Soybean Research Principal Investigator – Mike Daniels

Mike Daniels, Professor and Extension Soil and Water Conservation Scientist, University of Arkansas Cooperative Extension Service

Why did you decide to pursue a career that includes soybean research?
My love for the people in agriculture and the desire to help them led me to my career. I wanted to serve these people, and that’s why I am in extension. I developed my passion for soils, water and more while interacting with the people in the ag industry.

What research topic have you completed in the past or are working on now that could have or has had the most significant impact on soybean production?
Our work found that row crops are losing more potassium than we realized. Understanding what is happening in these fields may help farmers improve nutrient retention and save on fertilizer costs. Our work on irrigation water management also makes soybean production more cost-efficient.

How has the soybean checkoff enhanced your ability to find answers to production problems for farmers?
The work done on Arkansas Discovery Farms can’t be done by one person. We need a team. The United Soybean Board helped get the program started, and the Arkansas Soybean Promotion Board has consistently helped fund a technician who collects on-farm samples and helps troubleshoot data collection. The technician is a vital member of the team, and our partnership with the soy checkoff makes that possible. The data from those samples provides information we rely on to secure additional grants and private funding. 

Within your area of expertise, what are the top two or three general recommendations you would offer farmers to improve their management practices?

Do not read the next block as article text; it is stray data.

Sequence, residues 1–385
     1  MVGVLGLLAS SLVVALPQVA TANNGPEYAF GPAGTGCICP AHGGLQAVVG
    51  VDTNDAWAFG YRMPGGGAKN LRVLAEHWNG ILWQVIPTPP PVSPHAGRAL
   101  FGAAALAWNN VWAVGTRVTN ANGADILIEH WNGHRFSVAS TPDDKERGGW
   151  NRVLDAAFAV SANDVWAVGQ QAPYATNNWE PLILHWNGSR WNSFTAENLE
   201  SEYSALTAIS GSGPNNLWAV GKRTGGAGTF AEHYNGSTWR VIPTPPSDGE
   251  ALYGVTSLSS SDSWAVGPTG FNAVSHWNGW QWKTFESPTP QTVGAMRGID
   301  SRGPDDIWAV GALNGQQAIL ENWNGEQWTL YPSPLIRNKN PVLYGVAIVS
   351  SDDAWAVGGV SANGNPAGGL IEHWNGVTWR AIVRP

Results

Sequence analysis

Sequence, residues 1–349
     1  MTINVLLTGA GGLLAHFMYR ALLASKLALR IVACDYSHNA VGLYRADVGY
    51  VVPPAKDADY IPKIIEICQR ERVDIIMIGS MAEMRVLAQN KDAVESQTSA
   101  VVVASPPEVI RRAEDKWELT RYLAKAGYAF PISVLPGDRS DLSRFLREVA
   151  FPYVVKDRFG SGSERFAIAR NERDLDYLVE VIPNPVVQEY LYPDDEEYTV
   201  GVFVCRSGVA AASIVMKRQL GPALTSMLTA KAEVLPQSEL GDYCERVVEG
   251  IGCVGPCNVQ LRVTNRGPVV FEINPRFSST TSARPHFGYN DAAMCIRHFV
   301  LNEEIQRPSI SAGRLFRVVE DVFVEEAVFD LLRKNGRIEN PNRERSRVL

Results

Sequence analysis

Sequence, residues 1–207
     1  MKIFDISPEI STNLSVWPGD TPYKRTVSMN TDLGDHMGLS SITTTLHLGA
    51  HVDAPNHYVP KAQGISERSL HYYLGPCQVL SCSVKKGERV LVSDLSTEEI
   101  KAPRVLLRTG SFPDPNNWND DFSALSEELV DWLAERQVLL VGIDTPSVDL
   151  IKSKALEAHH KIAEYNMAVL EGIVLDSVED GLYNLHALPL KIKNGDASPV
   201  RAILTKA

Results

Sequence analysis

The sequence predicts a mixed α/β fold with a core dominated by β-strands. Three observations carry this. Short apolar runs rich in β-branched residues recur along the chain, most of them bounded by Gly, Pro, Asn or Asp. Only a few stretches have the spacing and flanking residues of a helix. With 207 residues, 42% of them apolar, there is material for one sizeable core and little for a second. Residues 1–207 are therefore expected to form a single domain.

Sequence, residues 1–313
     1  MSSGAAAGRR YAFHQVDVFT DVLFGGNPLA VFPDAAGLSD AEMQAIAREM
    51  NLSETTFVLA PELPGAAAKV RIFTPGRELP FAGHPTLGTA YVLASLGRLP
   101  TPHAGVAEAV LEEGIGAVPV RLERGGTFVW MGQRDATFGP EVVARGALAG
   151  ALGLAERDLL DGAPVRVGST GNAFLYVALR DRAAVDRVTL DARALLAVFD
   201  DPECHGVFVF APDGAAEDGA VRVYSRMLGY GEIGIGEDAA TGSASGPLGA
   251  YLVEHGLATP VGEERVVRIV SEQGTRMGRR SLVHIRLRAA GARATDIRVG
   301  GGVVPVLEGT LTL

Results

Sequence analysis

• Test soils to continually improve nutrient management. This information allows farmers to add nutrients as needed and adjust agronomic practices to keep those nutrients for their crops.
  • Manage irrigation water carefully, relying on information from fields and recommendations from research to optimize water use.
  • Don’t be afraid of sustainability initiatives. Take advantage of opportunities to learn how to benefit from specific programs and practices that can improve soil physical and microbiological properties to support fertility.

Within your area of expertise, what do you consider to be critical soybean research needs that can impact the profitability of famers in the future?
Water will be the critical issue for agriculture in the future. We need to figure out how to hold on to water and use it effectively. We need research focused on more efficient use of water, ways to reduce runoff and improve soil drainage. Management practices that improve these factors cause changes that happen very slowly, so we also need to take the time to fully understand their potential value.

SRIN articles:

Discovery Farms Engage Arkansas Farmers in Finding Sustainable Solutions